Active Viewing

With the Australian Open now in full swing, this is a great opportunity to do some active tennis viewing with your child.  What do I mean by that?  I mean, watching “tennis with a purpose” as our friends at CATennis.com call it.

For those of you in the States, the Aussie Open is a great tournament to try this since the matches are airing early in the morning or at night when your child is most likely home.  Maybe you can watch during breakfast time or for a little while after dinner before getting started on homework?

Here are a few things to watch for and discuss with your child – or, better yet, have your child jot down some things he/she sees and then discuss them with the coach!

1.  What type of attitude are the players displaying on the court?  Are they reacting emotionally after each point or “playing possum” and keeping their opponents guessing?  How do they treat the lines-people, chair umpires, and ball kids?  Which type(s) of behavior seems to lead to winning the match?

2.  What footwork patterns are the players using?  How can those patterns translate to your child’s game?

3.  What are the commentators saying at different points in the matches?  For example, when the server is down 30-40, what do the commentators suggest the server do to get back in the game?  How can your child learn from those suggestions?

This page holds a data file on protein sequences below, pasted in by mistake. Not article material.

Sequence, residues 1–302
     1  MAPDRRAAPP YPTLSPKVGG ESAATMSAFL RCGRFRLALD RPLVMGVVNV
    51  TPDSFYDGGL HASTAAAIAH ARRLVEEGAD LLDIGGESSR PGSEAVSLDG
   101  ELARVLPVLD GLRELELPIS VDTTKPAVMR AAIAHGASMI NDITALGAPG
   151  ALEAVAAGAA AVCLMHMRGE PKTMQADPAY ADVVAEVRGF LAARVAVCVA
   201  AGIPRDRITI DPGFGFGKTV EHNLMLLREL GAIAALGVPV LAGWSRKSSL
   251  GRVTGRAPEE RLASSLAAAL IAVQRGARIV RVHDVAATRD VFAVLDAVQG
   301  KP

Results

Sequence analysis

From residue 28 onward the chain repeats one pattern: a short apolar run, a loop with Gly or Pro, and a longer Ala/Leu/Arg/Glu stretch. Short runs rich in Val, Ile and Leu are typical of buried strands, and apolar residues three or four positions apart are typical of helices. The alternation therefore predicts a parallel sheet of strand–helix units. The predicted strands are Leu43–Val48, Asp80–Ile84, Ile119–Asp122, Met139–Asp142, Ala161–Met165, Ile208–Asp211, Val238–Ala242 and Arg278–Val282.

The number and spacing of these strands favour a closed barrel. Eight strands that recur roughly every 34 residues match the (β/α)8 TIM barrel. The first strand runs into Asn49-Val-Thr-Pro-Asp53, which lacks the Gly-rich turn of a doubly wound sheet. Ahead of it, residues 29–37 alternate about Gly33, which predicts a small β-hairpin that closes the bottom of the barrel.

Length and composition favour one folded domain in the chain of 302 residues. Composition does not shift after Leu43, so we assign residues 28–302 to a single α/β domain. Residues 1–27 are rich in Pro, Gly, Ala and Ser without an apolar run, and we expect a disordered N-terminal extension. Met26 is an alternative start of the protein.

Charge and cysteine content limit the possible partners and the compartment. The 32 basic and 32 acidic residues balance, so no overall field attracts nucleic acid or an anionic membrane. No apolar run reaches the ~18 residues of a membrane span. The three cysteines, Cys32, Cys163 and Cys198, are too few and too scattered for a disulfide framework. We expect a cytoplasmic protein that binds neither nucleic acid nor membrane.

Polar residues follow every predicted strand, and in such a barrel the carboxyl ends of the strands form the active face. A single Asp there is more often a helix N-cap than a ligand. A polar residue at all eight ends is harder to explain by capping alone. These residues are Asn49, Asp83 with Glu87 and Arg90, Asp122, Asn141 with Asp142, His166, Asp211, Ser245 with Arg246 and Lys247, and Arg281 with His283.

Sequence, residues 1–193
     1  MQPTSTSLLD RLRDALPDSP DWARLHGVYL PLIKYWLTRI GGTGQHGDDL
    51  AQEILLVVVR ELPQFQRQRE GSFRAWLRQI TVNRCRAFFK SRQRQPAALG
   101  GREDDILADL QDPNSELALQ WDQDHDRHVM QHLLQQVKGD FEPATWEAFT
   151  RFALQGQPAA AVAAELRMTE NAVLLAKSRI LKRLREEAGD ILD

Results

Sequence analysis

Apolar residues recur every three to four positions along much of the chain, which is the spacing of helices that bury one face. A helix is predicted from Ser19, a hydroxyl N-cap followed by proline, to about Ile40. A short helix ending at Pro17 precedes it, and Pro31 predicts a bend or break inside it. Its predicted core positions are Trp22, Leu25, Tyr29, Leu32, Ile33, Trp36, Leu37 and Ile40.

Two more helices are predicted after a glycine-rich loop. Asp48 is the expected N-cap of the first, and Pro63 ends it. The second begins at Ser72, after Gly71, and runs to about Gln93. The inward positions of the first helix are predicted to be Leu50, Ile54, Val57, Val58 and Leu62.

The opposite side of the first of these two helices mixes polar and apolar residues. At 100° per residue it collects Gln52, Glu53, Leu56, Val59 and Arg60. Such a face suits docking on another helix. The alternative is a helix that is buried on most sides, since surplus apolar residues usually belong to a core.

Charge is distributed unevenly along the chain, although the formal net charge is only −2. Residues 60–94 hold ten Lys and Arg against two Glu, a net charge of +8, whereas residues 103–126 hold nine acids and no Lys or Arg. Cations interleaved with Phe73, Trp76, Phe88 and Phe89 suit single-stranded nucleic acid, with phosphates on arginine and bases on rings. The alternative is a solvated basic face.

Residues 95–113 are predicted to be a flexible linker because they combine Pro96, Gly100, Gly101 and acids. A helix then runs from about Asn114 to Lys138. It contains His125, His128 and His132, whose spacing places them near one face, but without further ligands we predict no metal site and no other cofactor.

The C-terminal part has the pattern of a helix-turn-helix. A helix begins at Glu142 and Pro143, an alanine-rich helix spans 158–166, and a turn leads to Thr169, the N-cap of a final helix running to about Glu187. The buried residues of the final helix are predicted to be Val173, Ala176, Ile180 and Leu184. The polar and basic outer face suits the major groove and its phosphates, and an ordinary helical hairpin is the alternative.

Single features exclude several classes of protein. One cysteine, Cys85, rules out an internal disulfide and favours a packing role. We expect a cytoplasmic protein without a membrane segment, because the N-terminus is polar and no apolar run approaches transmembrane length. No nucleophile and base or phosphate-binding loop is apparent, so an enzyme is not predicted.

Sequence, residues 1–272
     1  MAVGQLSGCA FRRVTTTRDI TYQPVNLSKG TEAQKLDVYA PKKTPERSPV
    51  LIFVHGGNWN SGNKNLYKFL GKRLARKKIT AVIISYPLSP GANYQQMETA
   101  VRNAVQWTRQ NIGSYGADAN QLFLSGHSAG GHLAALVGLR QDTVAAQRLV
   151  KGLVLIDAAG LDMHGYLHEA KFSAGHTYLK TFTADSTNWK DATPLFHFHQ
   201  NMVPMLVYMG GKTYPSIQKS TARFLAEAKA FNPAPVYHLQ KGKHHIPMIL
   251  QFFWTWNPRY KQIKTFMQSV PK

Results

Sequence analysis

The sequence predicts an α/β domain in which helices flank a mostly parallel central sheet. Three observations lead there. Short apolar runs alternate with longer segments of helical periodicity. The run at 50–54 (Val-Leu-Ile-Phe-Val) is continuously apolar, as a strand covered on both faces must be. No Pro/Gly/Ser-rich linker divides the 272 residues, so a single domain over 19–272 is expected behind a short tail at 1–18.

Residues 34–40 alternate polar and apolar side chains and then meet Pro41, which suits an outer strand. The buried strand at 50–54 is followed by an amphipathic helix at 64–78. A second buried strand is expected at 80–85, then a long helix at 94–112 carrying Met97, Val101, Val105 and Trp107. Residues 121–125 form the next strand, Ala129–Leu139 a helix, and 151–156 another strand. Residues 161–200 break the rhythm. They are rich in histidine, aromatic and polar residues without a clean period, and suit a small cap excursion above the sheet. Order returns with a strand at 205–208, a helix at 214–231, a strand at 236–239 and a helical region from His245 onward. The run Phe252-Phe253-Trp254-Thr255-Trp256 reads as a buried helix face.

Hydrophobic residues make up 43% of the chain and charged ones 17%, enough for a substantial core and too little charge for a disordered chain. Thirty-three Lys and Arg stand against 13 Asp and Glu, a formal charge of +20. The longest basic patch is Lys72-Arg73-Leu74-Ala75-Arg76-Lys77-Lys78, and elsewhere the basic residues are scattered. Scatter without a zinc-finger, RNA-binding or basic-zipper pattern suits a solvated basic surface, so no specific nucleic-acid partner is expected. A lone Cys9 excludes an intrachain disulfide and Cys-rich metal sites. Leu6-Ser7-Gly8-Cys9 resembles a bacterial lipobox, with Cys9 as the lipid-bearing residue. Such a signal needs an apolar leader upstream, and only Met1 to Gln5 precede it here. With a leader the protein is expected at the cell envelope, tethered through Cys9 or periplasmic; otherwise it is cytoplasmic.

4.  How do the players use all areas of the court to work the points?  Do you see geometric patterns emerging?  How does this relate to what your child is learning in his/her school math class?

5.  Where is the returner standing when receiving serve?  Is he/she inside the baseline or well behind it?  Is the positioning different on the first and second serve?

6.  What adjustments do the players make when they’re behind in the score?

7.  How does the player adjust to difficult conditions, i.e. wind, bugs, shadows, etc.?  How can you child learn from the pros to be more adaptable when the conditions aren’t ideal?

8.  How do the players handle injuries, either their own or those of their opponent?  Do they dramatize the injury, turning it into what one commentator terms a “Spa Day” on the court?  Or, do they put the injury aside and continue to compete as if the injury didn’t exist?

9.  How does the player who’s leading in the score close out games and sets?  How does he/she close out the match?

10.  How do the players act during the post-match interviews?  Are they cocky or modest?  Do they treat the interviewers respectfully?  What do they say about their opponents and their upcoming opponents?

By using critical thinking skills while watching some exciting tennis, your child is on a path toward becoming a real student of the game which should help on his path toward reaching his tennis goals.  It may be the best free advice he ever gets!

3 thoughts on “Active Viewing”

  1. comments left on Facebook:
    1. another trick is cover upper or lower half of tv so you only watch 1 player wow can you learn alot
    2. I usually don’t watch the ball go back and forth I just watch one player or the other. After all we aren’t teaching a flying ball. You can tell the aerodynamics and speed by watching a player’s preparation sequence.
    3. Sit with your coach and turn the sound off and let your coach explain how everything applies to you. Parents are always welcome.
    4. This is known as the ‘Socratic method’ of teaching – pose questions which activate critical thinking – never spoon feed answers like pablum for future regurgitation – that ‘teaching’ method isn’t effective. Same thing when looking for a really good tennis teaching pro. Good stuff Lisa!

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